Nine contestants remain after SF State Voice battle rounds

Gabi Cavassa and Sean Thompson open the show with their rendition of

Gabi Cavassa and Sean Thompson open the show with their rendition of “Ain’t No Sunshine,” at SF State’s Voice Battle Rounds Wednesday Oct. 17, 2013 in Jack Adams Hall. Photo by Kate O’Neal / Xpress

While the second stage of SF State’s Voice competition was billed as “The Battle Round,” there was an air of companionship and goodwill among the former teammates turned opponents, making the event seem like less of a battle, and more of a goodbye.

The event, that took place in Jack Adams Hall Oct. 16, pitted two members of the same team in a head-to-head showcase of their vocal talents, and gave the judges a chance to decide which performer should move on to the next round of the competition.

After given two weeks to prepare a routine with a coach-appointed partner, the performers hit the stage. The night was filled with stunning performances from all, with acts such as Sean Thompson and Gabi Cavassa’s slow and soulful rendition of “Ain’t No Sunshine.” Jessica Napierski and Nicole Gabel got the crowd hollering throughout their performance of “It’s a Man’s Man’s Man’s World.”

Judge Shaye Morin provided an interesting matchup that paired Kai Santiago, a sociology major who has been singing since he was five years old, against Kimi Hariri, who when asked about any experience as a singer replied simply “In the shower?”

“Kimi just has a natural talent to her,” Santiago said. “She could of not told me that was her first performance two weeks ago and I would have believed it.”

These disparities made for an interesting performance between the two singers. Santiago’s experience was showcased through the immense control over his voice that he exhibited throughout his performance, while Hariri, whose booming voice often overpowered Santiago’s while the two sang in unison, gave viewers a glimpse of her raw talent. Despite both singers receiving loud cheers, and praise from the judges, it was ultimately Hariri who was chosen to advance to the third round.

“It boosted my confidence that I’ve gotten this far, so I’m very happy,” Hariri said.

After all 16 contestants had performed, the judges were burdened with the task of choosing two members of their own team to be eliminated from the contest. As the contestants were called to the stage, an air of unease descended upon the judges table, who voiced their displeasure at the task at hand.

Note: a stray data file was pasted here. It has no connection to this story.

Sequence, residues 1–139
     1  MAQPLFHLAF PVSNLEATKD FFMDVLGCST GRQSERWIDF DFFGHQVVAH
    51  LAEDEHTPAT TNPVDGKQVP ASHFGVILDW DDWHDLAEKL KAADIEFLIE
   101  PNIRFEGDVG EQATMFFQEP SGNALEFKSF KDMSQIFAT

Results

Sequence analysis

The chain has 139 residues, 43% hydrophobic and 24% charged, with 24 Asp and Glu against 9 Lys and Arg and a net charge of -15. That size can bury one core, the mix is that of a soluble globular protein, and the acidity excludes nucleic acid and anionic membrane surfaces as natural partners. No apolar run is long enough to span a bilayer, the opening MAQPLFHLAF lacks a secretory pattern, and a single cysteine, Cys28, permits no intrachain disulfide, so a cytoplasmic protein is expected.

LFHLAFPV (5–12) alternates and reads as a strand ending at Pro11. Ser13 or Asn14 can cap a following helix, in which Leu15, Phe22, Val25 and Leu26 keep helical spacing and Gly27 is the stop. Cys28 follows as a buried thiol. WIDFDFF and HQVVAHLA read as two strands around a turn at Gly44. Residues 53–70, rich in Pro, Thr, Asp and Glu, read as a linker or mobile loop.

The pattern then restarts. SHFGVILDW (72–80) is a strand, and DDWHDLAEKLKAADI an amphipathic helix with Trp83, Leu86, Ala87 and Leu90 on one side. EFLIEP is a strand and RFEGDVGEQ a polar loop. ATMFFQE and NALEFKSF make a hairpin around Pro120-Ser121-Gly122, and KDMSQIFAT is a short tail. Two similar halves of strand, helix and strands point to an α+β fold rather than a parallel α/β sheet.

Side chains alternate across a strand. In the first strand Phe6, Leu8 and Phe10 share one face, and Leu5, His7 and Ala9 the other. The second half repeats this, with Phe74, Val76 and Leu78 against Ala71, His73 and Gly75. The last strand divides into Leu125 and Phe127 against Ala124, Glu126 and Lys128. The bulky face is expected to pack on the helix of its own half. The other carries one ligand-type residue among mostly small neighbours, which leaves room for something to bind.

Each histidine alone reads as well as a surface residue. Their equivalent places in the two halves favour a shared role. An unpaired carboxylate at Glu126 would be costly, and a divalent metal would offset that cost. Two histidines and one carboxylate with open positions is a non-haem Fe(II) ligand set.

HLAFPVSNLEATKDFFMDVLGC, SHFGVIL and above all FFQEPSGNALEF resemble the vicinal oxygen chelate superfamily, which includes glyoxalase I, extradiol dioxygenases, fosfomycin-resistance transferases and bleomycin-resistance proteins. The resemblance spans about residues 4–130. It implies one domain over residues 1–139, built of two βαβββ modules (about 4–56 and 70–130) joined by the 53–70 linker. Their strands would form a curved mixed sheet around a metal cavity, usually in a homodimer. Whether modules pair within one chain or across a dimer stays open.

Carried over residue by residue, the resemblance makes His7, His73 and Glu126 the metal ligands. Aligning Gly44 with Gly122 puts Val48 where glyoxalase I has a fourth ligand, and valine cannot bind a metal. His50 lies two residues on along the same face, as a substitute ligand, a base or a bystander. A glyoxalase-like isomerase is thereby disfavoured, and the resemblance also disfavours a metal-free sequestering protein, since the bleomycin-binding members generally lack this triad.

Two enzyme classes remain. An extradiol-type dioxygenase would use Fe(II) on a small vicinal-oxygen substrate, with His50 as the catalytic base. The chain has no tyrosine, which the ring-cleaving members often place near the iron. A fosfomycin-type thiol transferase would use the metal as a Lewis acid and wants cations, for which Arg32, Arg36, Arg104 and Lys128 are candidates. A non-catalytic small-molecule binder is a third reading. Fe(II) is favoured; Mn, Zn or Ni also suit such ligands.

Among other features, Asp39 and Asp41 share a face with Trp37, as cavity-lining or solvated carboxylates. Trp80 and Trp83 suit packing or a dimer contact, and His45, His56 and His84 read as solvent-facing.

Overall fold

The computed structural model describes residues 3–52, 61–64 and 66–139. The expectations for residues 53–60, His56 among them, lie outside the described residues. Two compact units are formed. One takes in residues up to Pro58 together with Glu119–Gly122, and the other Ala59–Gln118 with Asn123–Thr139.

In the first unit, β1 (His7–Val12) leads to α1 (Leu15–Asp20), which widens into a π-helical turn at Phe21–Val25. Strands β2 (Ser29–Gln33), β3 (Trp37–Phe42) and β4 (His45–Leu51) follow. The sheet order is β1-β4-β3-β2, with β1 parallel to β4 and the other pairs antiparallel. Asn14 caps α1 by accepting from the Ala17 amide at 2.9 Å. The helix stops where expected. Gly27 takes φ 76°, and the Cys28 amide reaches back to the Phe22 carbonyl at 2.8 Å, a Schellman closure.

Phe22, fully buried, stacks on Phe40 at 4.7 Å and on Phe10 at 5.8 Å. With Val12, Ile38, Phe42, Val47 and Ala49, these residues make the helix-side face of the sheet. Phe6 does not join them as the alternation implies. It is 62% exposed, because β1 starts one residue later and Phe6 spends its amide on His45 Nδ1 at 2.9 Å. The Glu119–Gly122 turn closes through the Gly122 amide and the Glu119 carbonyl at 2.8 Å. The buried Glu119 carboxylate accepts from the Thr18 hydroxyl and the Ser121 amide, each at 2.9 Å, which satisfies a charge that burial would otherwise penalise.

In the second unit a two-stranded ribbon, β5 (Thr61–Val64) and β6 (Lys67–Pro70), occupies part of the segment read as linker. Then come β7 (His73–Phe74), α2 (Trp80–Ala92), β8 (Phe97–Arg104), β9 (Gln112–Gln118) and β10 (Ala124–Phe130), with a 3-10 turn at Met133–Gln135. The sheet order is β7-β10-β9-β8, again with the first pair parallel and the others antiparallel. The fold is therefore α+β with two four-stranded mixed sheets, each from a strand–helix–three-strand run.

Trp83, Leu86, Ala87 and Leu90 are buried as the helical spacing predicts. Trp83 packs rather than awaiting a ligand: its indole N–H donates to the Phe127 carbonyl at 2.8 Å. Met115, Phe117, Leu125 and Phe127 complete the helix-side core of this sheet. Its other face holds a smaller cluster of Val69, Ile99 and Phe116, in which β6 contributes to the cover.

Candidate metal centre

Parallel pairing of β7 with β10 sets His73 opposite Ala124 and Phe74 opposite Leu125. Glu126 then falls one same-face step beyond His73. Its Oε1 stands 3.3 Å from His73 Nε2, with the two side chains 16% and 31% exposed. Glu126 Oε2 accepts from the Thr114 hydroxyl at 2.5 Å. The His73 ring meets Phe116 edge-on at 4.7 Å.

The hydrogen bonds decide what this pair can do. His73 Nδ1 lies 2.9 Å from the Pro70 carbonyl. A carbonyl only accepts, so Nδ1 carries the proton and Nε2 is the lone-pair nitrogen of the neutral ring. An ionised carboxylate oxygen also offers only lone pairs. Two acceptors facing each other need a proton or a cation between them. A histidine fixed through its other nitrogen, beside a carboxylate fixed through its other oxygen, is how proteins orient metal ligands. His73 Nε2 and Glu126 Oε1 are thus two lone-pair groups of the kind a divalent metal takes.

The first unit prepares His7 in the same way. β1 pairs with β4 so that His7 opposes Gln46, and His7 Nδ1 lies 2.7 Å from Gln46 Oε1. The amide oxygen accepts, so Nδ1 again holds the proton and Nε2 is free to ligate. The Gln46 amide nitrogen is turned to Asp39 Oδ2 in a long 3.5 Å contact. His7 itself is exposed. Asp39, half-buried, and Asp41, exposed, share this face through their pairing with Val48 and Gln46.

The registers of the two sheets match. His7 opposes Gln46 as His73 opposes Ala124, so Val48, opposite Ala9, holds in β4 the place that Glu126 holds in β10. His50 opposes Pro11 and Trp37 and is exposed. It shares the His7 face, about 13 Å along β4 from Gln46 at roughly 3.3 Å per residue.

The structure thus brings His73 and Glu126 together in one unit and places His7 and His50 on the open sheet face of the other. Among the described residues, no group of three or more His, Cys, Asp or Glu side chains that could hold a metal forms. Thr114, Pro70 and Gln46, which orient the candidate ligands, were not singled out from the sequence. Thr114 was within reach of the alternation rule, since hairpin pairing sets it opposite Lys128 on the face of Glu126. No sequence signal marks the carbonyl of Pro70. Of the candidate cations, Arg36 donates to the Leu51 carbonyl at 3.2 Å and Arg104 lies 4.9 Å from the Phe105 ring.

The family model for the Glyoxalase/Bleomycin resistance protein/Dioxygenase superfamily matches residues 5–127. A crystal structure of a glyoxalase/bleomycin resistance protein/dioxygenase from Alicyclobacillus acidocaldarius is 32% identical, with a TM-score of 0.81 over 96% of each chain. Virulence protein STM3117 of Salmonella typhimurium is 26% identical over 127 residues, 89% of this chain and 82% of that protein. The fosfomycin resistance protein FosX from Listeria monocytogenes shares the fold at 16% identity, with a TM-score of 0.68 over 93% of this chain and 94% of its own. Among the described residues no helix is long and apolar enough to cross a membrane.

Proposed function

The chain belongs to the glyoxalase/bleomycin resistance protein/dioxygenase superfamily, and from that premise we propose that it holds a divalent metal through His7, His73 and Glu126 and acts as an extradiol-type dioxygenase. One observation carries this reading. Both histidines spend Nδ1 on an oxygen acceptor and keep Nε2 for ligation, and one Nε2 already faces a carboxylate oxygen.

“The problem with picking between four great artists is you’re all so good,” said judge Christa Laosantos, addressing everyone standing on the stage.

After a diplomatic round of rock-paper-scissors to decide the order in which judges were able to steal a contestant who was cut from a different team, the decisions were made, leaving a total of nine singers to advance to the next round.

“Over the two weeks we got to know each other, and I really loved them,” said Morin. “It broke my heart in two to have to send both of my guys home.”

Morin has personal experience with elimination, after she was cut in the second round of last year’s SF State’s Voice competition. Because of this, she went beyond her required duties in order to provide a little extra comfort to those on her team who would eventually face elimination.

“Before the show I wrote them all a letter, and I gave them all a candy bar, telling them how good I think they all are, and how sweet they are, and just how much I don’t want to send any of them home.” said Morin. “I didn’t want any of them to feel bad at all.”

Even with eliminations spelling the end for some, the contest played host to new beginnings as well. Although contestants Yannick Bretschneider and Jacqueline Corona were paired against each other during the battle round, they hope to work on music together again outside the Voice.

“I really enjoyed working with Jackie, so I immediately knew that I would want to do more music if she also wanted to, so that’s kinda what I threw out,” said Bretschneider.

While Bretschneider was cut from team Ariana, judge Steven Alvarez jumped at the chance to steal him for his team, splitting the former teammates, but allowing both to advance to the next round.

“The whole time I didn’t feel like it was a competition, I really enjoyed working with him,” said Corona. “I was really hoping for him, or me to get picked on another team if we were eliminated. So it happened so I’m happy about that.”

The final competition is free to attend and will take place on Wednesday, Oct. 23, in Jack Adams Hall, where each contestant will choose one song to perform. After the performance, students can vote online for their favorite performers at the Student Life website.

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